Confined space environment
It is not possible to provide a comprehensive list of confined spaces. Some spaces may become confined when work is carried out, or during their construction, fabrication or subsequent modification.
The Confined Spaces Regulations and the Confined Spaces Regulations (Northern Ireland) set out the definition of what constitutes a confined space. However, identifying environments that fall within the legal definition is not always that easy, especially when confronted with a rapidly escalating or complex incident.
The associated confined space regulations state a confined space must have both of the following defining features:
- It must be a space that is substantially (though not always entirely) enclosed
- One or more of the specified risks must be present or reasonably foreseeable
The specified risks are:
- Serious injury through fire or explosion
- Loss of consciousness arising from increased body temperature
- Loss of consciousness or asphyxiation arising from gas, fume, vapour or lack of oxygen
- Drowning from an increase in the level of a liquid
- Asphyxiation arising from a free-flowing solid or being unable to reach a respirable environment due to entrapment by a free-flowing solid
The Dangerous Substances and Explosive Atmospheres Regulations and The Dangerous Substances and Explosive Atmospheres Regulations (Northern Ireland) (DSEAR) define an ‘explosive atmosphere’ as a mixture with air, under atmospheric conditions, of flammable substances in the form of gases, vapours, mists or dusts in which, after ignition has occurred, combustion spreads to the entire unburned mixture.
Whereas a ‘potentially explosive atmosphere’ means an atmosphere which could become explosive due to local and operational conditions.
The definition of a confined space includes a specified risk of 'serious injury due to fire or explosion'. These can arise from:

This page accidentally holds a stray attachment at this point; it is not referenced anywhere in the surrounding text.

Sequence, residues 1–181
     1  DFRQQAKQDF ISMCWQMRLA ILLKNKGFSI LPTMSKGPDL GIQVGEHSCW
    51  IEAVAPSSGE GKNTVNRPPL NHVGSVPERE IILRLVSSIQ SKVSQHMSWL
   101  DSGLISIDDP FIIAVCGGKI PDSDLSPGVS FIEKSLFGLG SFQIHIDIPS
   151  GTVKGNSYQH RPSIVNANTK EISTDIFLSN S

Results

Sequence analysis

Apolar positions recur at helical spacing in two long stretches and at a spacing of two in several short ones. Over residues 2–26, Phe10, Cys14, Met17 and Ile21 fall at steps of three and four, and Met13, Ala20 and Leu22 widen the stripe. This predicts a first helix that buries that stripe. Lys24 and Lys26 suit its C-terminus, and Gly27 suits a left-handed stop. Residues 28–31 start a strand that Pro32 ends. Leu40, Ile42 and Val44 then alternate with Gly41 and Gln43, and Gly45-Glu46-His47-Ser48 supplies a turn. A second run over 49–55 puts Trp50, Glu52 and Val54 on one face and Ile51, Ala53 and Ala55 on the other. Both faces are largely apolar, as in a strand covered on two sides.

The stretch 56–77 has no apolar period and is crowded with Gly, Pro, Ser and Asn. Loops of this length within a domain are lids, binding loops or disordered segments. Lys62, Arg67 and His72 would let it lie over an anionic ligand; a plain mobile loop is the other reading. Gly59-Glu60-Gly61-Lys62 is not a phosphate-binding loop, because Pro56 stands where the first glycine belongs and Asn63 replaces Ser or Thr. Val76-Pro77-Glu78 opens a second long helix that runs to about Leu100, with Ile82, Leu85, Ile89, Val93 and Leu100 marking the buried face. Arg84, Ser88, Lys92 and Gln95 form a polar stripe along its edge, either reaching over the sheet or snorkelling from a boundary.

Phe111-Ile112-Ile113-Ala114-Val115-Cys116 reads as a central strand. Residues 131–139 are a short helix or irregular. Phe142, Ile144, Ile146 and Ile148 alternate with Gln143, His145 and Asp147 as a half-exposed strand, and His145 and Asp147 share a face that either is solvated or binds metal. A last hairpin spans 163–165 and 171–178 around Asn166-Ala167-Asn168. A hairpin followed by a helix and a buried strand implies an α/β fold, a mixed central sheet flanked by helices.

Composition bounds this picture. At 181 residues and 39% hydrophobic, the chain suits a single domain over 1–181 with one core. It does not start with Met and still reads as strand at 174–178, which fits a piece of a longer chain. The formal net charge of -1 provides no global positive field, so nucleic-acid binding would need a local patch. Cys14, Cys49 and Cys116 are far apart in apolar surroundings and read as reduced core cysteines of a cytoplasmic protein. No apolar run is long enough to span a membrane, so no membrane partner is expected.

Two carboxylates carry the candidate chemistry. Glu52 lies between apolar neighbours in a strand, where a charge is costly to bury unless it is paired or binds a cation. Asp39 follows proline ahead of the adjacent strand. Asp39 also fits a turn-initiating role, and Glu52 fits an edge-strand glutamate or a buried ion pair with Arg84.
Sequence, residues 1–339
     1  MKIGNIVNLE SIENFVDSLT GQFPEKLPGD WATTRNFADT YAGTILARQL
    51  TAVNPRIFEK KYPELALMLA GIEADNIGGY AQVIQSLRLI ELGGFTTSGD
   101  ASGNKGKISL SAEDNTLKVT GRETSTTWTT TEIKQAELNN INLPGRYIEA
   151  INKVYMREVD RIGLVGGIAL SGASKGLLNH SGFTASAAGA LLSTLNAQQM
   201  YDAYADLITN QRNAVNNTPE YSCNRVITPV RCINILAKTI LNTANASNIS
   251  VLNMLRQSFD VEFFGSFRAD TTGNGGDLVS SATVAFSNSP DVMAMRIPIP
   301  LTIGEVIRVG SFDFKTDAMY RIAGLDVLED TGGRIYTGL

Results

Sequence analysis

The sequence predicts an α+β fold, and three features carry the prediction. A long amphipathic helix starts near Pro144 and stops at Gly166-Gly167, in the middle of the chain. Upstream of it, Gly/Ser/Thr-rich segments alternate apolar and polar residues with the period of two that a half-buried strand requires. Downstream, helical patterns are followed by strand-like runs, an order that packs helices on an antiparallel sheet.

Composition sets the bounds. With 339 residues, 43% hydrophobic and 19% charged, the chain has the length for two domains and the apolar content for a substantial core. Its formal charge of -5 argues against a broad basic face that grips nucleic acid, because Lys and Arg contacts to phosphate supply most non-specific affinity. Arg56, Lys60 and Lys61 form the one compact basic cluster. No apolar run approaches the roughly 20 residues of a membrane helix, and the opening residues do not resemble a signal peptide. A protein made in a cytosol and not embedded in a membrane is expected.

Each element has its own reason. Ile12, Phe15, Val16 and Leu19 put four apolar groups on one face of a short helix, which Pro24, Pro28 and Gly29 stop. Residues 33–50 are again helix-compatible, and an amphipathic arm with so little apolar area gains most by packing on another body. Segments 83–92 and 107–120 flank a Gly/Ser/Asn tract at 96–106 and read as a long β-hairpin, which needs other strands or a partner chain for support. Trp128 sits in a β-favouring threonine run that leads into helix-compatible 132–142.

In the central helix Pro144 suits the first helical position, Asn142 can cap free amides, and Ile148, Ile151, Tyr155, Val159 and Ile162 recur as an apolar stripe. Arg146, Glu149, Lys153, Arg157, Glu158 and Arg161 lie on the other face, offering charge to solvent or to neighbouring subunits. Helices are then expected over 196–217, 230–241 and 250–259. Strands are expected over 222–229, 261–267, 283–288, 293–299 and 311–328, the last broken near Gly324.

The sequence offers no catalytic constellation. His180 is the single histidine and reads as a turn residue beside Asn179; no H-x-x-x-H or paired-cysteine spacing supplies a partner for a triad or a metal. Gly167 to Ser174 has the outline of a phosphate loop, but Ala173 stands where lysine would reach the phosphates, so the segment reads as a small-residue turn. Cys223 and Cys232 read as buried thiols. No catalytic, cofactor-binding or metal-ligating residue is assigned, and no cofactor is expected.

- Presence of flammable substances
- Excess oxygen in the atmosphere
- Presence of chemicals that can combust or spark in enriched or, in some cases, normal oxygen levels
- Ignition of combustible dusts
- Leaks from adjoining on-site machinery or processes that have not been effectively isolated
- Inappropriate ventilation
- Inappropriate ventilation of a flammable or explosive atmosphere may create additional hazards. For further information refer to Hazardous materials physical hazards - Flammable vapours: Unignited
Extremes of temperature or humidity
The legislation refers to the specified risk of 'loss of consciousness arising from increased body temperature'. This could be the result of high atmospheric temperatures, humidity or a range of other factors.
Working in hot conditions can lead to a dangerous rise in core body temperature; in extreme cases, this could lead to unconsciousness. This can be worsened by:
- Wearing personal protective equipment (PPE)
- Highly physical or strenuous work
Excessive heat can occur where:
- Work is being carried out in hot conditions
- The confined space is exposed to a significant heat source
- Processes are being undertaken that generate significant amounts of residual heat
For further information refer to:
- Operations: Heat illness in personnel
- Industry: Extreme heat
Toxic or asphyxiating atmospheres
Also known as irrespirable atmospheres are caused by the presence of toxic gases or vapours, or the lack of sufficient oxygen. Working in this type of atmosphere can lead to asphyxia, unconsciousness or death.
Environments where asphyxiant gases may be present include:
- Where contaminants have been processed or stored
- Where there is sewage, sludge or other deposits, especially if gases are released when it is disturbed
- In spaces where contaminants can enter, or are produced by equipment in use
- Where exhaust gases from engine driven equipment, machinery or vehicles have accumulated
- Where naturally occurring, biological processes produce toxic gases, especially in poorly- ventilated spaces
- Where gases from leaks, failure or damage to machinery, pipes or cylinders have accumulated
- In spaces such as pipes, sewers or manholes
Oxygen deficiency can occur naturally, result from industrial processes or the storage of products, including:
- Purging confined spaces with an inert gas to remove flammable or toxic gases, vapours or aerosols
- Naturally occurring biological or chemical processes that consume oxygen
- Transportation or storage of wood pellets, used as a biofuel, which may consume oxygen and produce carbon monoxide gas
- When spaces are left completely closed or poorly ventilated for extended periods